Rio Tinto waits on Oyu Tolgoi financing

Rio Tinto is expected to know within days whether Australia's export credit agency will help fund its Oyu Tolgoi mine in Mongolia or follow the lead of the US and deliver a symbolic blow to the company's most important growth project.

Rio Tinto is expected to know within days whether Australia's export credit agency will help fund its Oyu Tolgoi mine in Mongolia or follow the lead of the US and deliver a symbolic blow to the company's most important growth project.

The social and environmental impacts of the massive copper and gold mine were thrust into the spotlight this week when the US revealed why it had abstained from supporting a recent International Finance Corporation decision to fund the project.

Washington's concerns over a lack of information in the project's environmental assessment did not prevent the IFC's $US1.4 billion funding package being approved. But they did give ammunition to opponents of the project at a time when relations between Rio and the Mongolian government are strained.

Australia's Export Finance and Insurance Corporation has been talking to Rio and its subsidiaries over a funding package for Oyu Tolgoi for almost 18 months, and EFIC's final funding decision is believed to be imminent.

Most observers expect EFIC to follow the IFC's lead and commit taxpayer funds to the Oyu Tolgoi, but EFIC's deliberations have dragged on longer than some expected.

EFIC has applied a category A ranking to the project, a description applied to projects the corporation judges to have "potential for significant adverse environmental and/or social impacts".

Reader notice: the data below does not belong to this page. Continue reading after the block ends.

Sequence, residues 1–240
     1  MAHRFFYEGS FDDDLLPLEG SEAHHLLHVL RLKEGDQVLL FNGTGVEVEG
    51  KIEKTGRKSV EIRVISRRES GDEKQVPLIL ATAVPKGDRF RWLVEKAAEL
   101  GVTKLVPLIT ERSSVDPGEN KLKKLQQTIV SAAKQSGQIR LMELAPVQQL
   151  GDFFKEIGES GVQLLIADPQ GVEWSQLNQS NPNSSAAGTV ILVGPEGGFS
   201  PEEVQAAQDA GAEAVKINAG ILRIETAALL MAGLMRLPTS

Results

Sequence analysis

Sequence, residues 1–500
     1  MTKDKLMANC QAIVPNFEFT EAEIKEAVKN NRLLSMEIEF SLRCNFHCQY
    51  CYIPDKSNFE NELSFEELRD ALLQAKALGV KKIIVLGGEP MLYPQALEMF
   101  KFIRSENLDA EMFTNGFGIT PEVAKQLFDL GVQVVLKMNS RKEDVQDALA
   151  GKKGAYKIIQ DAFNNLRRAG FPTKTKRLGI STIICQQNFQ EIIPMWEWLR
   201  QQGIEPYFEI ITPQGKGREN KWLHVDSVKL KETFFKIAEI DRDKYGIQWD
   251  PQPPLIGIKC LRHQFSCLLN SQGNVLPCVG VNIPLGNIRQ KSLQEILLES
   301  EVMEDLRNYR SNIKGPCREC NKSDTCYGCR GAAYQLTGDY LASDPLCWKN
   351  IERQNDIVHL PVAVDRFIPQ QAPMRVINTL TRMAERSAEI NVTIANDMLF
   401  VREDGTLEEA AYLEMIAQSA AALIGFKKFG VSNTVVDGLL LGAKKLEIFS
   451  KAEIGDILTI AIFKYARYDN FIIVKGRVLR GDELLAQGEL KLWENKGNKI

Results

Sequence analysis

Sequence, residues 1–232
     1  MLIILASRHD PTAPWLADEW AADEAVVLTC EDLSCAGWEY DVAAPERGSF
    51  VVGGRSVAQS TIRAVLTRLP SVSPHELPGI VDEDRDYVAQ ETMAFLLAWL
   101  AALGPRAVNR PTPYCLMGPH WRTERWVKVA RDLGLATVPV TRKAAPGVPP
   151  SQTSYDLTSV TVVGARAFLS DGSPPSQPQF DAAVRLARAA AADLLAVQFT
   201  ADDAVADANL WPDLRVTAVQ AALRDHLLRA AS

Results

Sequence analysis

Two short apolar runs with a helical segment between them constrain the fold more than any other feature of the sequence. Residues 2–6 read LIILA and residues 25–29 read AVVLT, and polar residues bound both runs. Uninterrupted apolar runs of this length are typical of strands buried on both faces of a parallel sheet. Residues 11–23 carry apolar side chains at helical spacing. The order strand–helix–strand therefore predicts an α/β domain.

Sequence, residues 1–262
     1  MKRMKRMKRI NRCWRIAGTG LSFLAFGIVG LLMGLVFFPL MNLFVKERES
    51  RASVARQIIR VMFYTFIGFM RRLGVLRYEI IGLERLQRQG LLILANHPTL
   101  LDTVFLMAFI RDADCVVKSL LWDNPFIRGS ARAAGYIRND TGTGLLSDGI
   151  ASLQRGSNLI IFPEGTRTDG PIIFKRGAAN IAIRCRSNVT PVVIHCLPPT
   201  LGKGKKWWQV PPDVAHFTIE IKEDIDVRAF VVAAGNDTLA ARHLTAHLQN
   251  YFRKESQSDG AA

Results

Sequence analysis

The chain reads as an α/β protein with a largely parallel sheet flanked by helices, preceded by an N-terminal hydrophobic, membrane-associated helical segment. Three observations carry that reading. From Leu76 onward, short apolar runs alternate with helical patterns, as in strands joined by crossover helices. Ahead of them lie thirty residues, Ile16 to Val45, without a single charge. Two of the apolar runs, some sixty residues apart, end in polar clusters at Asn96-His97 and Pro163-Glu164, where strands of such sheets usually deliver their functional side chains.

An EFIC spokeswoman, Gabriella Hold, said the main project risks relate to "water resources, resettlement, biodiversity, stakeholder engagement and the project's management systems".

The comments echo the concerns of international aid groups who have focused on the plight of nomadic herders who roam the lands around Oyu Tolgoi.

Rio has argued that Oyu Tolgoi will bring unprecedented opportunities to such communities, given the mine is tipped to account for half the impoverished nation's exports by 2019.

EFIC has engaged with aid agencies such as Oxfam and Jubilee Australia during its recent deliberations. Jubilee's Carmelan Polce said EFIC should ensure impact studies were thorough before committing to the project.

Rio pointed to the IFC funding as a sign that financing of the project was progressing as expected. The IFC funding is for the second stage of Oyu Tolgoi, which is expected to cost more than $US4 billion.

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